The Pinal County Attorney's office has warned the superintendent of the Oracle School District that an e-mail message he sent violated state laws.
In a letter dated March 26, Pinal County Attorney's Chief Civil Deputy Chris Roll notified Superintendent Todd Kissick that an e-mail he sent violated prohibitions against use of school resources to influence the outcome of an election.
Kissick sent the e-mail to 73 recipients, including district employees, wherein he encouraged support for Proposition 100 and the voting out of legislative incumbents.
"Paying these crucial taxes is certainly better than the alternative we face if we continue to follow the Arizona Legislature's lead," Kissick wrote in the March 5 e-mail.
The superintendent also urged district employees to kick state legislators out of office.
"The time has come to expect more from your state legislators. Either they perform or we need to vote them out," Kissick wrote.
The message also contained comments about former vice-presidential candidate Sarah Palin and the so-called "birther" bill, which requires presidential candidates to provide the Arizona Secretary of State with verification of citizenship and age to have their name appear on the ballot.
"I'll show them Obama's birth certificate when they show me Sarah Palin's high school diploma (I'm sorry Palin fans, but she is as dumb as a post)," Kissick wrote in the e-mail.
Kissick's comments caused concern among some district employees and parents.
In the aftermath of the e-mail, the superintendent decided to report himself to the Pinal County Attorney, who agreed that the e-mail violated the law.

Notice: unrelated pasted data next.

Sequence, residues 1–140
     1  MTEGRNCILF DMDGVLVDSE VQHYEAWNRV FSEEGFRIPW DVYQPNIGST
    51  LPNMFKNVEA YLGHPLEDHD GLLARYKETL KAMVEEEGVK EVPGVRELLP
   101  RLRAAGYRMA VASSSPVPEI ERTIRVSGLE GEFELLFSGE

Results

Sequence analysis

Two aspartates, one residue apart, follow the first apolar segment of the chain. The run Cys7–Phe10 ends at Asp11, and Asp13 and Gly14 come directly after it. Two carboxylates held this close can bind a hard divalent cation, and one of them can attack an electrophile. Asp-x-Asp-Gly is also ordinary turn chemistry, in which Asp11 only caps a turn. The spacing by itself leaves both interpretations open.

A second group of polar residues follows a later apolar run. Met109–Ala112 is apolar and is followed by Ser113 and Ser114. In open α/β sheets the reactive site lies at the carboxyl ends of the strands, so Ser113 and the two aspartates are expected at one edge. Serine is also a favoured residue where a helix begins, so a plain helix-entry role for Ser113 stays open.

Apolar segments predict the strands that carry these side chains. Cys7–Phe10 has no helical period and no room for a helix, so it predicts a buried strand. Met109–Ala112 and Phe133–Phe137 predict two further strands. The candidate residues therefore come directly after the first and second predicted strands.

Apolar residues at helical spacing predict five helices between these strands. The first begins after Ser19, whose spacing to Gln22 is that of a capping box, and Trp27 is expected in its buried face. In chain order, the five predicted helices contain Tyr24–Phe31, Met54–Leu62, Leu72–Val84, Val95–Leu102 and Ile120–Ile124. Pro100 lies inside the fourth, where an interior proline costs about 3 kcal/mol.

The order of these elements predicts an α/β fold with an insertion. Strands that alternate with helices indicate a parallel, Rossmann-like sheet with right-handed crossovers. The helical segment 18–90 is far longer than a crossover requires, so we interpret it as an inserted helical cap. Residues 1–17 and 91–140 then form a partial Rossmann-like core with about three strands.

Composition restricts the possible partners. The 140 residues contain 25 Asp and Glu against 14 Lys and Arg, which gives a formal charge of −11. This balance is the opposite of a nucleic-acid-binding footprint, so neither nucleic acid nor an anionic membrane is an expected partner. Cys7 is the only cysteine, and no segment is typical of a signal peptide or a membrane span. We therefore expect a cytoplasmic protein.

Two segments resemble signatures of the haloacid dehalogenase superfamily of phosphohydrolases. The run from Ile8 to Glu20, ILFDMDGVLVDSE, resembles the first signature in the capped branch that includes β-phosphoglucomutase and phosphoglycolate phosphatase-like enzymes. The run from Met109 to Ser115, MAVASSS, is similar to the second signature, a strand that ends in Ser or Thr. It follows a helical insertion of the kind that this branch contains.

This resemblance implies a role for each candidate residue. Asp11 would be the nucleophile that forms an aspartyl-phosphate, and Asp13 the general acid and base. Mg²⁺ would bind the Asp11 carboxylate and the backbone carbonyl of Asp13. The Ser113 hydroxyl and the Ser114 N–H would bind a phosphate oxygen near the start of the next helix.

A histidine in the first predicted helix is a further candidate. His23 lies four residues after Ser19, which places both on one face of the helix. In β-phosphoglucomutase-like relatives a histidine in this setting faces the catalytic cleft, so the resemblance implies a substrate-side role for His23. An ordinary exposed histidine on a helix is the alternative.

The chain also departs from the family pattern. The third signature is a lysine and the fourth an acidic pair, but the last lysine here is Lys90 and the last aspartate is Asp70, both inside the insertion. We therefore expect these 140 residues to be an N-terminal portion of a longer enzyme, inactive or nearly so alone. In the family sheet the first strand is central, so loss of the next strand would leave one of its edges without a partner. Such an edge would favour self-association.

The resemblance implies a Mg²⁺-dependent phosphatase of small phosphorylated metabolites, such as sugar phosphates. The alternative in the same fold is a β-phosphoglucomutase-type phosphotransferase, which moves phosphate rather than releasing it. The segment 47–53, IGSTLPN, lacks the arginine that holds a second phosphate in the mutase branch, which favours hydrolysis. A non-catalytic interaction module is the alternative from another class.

"You have used the authority of your position as superintendent to influence the vote of subordinate employees in regard to the one-cent sales tax increase proposal and certain Arizona legislators," Roll wrote Kissick.
Roll wrote that the message appeared to violate tenets of Title 15 of the Arizona Revised Statutes. Kissick was admonished to refrain from further political statements or from using his "position of authority to influence the vote or political activities of subordinate school district employees…."
To date, no civil charges have been filed against Kissick.
In an interview, Kissick said the e-mail was intended to express his concerns over the possibility of having to lay off district employees in the event the one-cent sales tax doesn't pass.
"It was during a time when I was very frustrated at having to cut staff," Kissick said. "It was more of rant telling of my frustration."
The district has staved off any employee layoffs in the recent budget travails that have impacted many districts across the state. Instead of layoffs, the district decided not to fill five teaching positions vacated by retiring educators.
The district also plans to leave open a special education teacher's assistant position and maintenance worker job.
The Oracle School District Governing Board voted last week to renew Kissick's contract through June 2013.